The Rabbinical  Council of America, which represents Orthodox rabbis, released this statement today:


The Rabbinical Council of America expresses its deep dismay over the recent charges brought by the United States Attorney General against numerous individuals, including several prominent rabbis. We are appalled at the allegations which, if true, violate the letter and the spirit of Jewish law, decency, good citizenship, and the norms of our great society.

Jewish Law has always emphasized the importance of observing and respecting the laws of the land. They are essential for our shared wellbeing. No individual stands above the law. If a citizen violates the law then he must be subject to the penalties imposed by the legal system of our great country. Nonetheless, we must all keep in mind that those accused are entitled to a presumption of innocence and due process.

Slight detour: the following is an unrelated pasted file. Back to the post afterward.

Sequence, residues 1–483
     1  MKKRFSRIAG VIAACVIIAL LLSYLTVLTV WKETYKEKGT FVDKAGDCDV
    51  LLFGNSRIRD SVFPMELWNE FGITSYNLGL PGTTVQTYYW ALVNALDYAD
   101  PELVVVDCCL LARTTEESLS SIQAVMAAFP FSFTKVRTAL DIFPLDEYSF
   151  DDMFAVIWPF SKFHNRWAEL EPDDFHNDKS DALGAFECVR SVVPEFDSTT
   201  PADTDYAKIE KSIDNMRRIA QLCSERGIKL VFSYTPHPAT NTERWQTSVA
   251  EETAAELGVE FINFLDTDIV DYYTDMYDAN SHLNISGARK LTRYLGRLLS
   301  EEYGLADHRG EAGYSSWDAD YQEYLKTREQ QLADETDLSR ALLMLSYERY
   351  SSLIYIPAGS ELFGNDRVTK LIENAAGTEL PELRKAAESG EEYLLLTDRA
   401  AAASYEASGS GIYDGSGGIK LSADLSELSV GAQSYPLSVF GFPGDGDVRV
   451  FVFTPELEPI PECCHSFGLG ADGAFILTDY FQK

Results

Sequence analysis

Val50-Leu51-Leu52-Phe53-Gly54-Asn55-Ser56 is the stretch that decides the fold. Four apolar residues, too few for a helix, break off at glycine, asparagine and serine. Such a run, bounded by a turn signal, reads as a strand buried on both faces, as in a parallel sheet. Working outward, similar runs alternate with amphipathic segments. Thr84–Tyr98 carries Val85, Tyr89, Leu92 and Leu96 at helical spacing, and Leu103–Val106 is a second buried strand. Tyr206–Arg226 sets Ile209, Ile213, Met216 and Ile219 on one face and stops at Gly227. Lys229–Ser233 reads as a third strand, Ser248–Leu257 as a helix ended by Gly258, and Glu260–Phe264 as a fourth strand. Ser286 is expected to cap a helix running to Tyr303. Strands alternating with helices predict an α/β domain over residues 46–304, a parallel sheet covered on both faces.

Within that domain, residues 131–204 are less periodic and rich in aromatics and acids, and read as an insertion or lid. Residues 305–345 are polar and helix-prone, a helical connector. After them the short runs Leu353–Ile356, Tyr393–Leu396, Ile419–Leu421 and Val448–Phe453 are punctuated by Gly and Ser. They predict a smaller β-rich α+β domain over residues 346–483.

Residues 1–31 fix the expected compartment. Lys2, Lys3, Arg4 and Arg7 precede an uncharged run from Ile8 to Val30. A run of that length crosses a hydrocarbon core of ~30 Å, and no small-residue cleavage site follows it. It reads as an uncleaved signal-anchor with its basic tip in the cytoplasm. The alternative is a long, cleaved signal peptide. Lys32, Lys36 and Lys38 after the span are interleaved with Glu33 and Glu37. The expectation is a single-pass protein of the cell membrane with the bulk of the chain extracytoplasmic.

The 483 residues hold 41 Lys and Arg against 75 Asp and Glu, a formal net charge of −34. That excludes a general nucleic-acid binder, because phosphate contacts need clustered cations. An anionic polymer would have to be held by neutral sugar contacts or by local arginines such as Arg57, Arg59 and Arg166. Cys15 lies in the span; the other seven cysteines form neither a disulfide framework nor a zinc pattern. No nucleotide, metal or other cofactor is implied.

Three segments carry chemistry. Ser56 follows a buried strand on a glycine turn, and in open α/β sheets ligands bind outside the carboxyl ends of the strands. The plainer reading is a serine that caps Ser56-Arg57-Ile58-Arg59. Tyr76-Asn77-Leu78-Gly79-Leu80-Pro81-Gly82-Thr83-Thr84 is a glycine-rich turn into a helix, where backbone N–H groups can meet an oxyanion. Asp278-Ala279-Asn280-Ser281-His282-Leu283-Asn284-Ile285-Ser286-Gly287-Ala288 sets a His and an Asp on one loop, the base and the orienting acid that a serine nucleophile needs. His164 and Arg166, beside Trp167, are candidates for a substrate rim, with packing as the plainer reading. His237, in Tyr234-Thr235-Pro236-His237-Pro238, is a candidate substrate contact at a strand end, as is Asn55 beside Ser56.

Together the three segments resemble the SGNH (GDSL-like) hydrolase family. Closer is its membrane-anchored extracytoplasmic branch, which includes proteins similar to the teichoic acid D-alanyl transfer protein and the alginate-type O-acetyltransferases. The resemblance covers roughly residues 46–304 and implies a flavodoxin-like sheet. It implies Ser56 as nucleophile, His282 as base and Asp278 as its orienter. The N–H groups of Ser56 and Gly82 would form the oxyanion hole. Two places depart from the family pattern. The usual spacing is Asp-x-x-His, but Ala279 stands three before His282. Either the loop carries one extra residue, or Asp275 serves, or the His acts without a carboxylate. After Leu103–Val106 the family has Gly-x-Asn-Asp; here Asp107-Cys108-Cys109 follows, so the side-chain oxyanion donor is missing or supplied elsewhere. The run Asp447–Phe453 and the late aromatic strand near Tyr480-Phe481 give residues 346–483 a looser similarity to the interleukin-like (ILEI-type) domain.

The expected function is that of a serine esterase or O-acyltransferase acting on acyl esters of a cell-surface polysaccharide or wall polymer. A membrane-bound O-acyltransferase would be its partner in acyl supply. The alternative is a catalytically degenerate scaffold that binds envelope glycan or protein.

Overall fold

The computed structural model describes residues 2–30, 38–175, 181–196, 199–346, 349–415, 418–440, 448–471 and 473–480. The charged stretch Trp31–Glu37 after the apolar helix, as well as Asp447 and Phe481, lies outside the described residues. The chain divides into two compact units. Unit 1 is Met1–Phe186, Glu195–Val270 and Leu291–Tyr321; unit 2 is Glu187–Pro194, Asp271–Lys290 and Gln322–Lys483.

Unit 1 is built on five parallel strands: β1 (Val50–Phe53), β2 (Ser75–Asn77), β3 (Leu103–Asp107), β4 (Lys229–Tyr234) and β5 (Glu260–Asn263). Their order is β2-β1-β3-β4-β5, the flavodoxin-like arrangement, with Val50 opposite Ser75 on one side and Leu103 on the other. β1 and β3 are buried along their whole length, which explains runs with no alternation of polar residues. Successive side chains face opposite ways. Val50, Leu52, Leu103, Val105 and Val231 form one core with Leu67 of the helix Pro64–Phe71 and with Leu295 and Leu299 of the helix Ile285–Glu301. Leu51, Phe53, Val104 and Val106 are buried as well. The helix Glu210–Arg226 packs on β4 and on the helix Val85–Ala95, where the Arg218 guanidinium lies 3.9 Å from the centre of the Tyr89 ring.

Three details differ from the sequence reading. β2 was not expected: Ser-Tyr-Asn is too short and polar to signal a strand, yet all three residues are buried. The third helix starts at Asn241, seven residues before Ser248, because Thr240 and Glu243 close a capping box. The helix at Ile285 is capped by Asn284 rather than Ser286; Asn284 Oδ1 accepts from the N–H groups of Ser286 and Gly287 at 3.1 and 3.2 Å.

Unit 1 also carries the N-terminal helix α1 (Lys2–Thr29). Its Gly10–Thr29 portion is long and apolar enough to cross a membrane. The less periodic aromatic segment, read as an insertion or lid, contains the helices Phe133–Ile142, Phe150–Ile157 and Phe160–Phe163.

Members of the Syrian Orthodox Community have been particularly affected by these allegations, and the stereotypes that have arisen as a result in recent days.The RCA wishes to extend its support to the Syrian Jewish community and its rabbis. They are an honorable, pious, and charitable community, led by many distinguished rabbis. The alleged misdeeds of the few should not be used against the innocent many. We join with our brethren in the Syrian community and with our fellow Jews in praying that the community find the strength to weather this storm, and that they restore themselves to function as the great community they have always been.

We are committed as rabbinic leaders for ourselves and our communities to serve as positive role models for all of our fellow Americans. We pledge to do our best in the days ahead so that the entire Jewish community can continue to be a model for all of our fellow Americans as law-abiding and ethically responsible citizens, striving to live in accordance with the highest religious and civic standards of justice and morality.